Altogether, this analysis of cancer-associated missense mutations in hace1 allowed us to identify two major residues Gly-175 and Ala-204 in the ANK domain that are critical for both Rac1 ubiquitylation and cell growth restriction.
The above data pointed toward a role of the N-terminal ANK domain of HACE1 in the control of Rac1 ubiquitylation. Ankyrin repeats are known to pack into regular structures that can reliably be modeled by protein structure prediction algorithms16. A model structure of the amino-terminal third part of HACE1, encompassing residues 1–296, was calculated with the Robetta server, showing unambiguously the presence of 7 ankyrin repeats, followed by a helical structure that caps an incomplete 8th ankyrin repeat (Fig. 3a). This model allowed us to locate the positions of COSMIC mutants on ankyrin repeats (Fig. 3a and b). Mutations affecting Rac1 ubiquitylation at amino acids Gly-175 and Ala-204, face each other on repeats 6 and 7 (Fig. 3c). Comparison of the sequence of HACE1 with other ANK domain-containing proteins showed that the amino acid at position 175 is highly conserved and is either a glycine or asparagine residue. Both these residues are thought to introduce a tight turn between the two helices in the ankyrin repeat motif. Therefore, we tested the effect of the G175N substitution, which should modify the exposed side chain without affecting the folding of the repeats. We measured that this mutant had an inhibitory effect on the ubiquitylation of Rac1 (Supplementary Figure S2). Thus, despite the fact that both amino acids can conservatively be found at this position, suggesting that the ankyrin motif folding is correct, they are not functionally equivalent in term of activities. To further investigate whether these residues identify a functional epitope, we designed additional mutations at position Gln-173, Asn-174 and Val-140, which are located at the surface of the domain in the vicinity of Gly-175 (Fig. 3c and d). We observed that all these mutations had a strong impact on the efficiency of ubiquitylation of Rac1 (Fig. 4a and b). We found that the substitution of Val-140 into an alanine residue markedly increased the efficiency of ubiquitylation of Rac1, whereas the substitution of Val-140 into a bulkier leucine residue decreased Rac1 ubiquitylation (Fig. 4a and b). This suggests that the size of the side chain at position 140 determines the impact of the mutation on Rac1 ubiquitylation. Assessing the biological effect of V140A revealed that it kept the capacity to control cell growth (Supplementary Figure S3). Mutations at position 173 and 174 diminished HACE1 ubiquitylation activity on Rac1, similar to mutations G175C, G175S and V140L (Fig. 4a and b). Altogether, we identified a cluster of four critical amino-acids at the surface of Ankyrin repeats that controls Rac1 ubiquitylation.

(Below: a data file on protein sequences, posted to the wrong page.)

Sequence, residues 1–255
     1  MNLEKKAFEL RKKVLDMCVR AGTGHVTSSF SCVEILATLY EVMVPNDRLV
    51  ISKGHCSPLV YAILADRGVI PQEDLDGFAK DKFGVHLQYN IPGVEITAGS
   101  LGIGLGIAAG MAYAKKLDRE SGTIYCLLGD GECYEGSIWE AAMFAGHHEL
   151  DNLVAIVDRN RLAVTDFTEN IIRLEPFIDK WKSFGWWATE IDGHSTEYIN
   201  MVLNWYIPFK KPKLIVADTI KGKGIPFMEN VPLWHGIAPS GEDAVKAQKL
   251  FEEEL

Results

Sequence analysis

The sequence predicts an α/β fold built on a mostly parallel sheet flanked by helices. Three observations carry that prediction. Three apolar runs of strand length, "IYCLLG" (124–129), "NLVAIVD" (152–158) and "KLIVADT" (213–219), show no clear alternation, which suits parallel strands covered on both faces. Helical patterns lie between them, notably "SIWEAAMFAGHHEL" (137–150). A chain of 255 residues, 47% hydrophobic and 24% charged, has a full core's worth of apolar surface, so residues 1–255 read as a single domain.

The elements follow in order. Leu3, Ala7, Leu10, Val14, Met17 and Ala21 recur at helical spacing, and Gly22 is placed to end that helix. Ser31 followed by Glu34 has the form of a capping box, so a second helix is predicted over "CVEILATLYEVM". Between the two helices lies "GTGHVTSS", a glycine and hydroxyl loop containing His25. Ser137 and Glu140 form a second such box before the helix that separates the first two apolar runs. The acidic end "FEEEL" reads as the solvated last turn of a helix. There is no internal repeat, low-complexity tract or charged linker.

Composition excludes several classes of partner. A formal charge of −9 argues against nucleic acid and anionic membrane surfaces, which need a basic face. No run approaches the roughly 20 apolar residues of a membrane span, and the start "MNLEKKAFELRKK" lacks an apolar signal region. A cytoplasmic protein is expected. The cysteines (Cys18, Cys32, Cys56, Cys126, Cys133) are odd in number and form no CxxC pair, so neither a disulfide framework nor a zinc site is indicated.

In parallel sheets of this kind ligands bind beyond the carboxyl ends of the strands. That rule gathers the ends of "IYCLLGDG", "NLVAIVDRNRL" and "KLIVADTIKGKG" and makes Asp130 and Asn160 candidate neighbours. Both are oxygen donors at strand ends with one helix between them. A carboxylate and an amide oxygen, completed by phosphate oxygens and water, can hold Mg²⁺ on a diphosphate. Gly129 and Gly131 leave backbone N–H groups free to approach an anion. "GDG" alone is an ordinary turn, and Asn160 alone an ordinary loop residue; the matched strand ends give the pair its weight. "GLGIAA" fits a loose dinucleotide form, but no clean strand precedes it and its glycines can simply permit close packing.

Collectively, we identified a functional site in HACE1 ankyrin repeats 4 to 7 that controls the efficiency of Rac1 ubiquitylation.
We then evaluated the binding of active Rac1 to HACE1 mutants. We compared the capacity of HACE1 wild-type and mutants to interact with the active form of Rac1 by co-immunoprecipitations using the constitutively active Rac1 Q61L mutant as a bait. Mutants V140L, Q173A, N174A, G175S, G175C, G175N and A204T, which were impaired for Rac1 ubiquitylation, had a dramatic decrease in their interaction with Rac1 Q61L (Fig. 5 and Supplementary Figure S4). Conversely, mutants V140A and M114V to a lesser extent, showed a gain of interaction in good agreement with their increase in ubiquitylation activity on Rac1 (Fig. 5 and Supplementary Figure S4). Altogether, these data identify critical amino-acids functional site in HACE1 ankyrin repeats 4 to 7 that control the interaction of HACE1 with Rac1, thereby establishing a correlation between the efficiency of interaction of Rac1 with HACE1 and the efficiency of ubiquitylation of Rac1 (R2=0,87).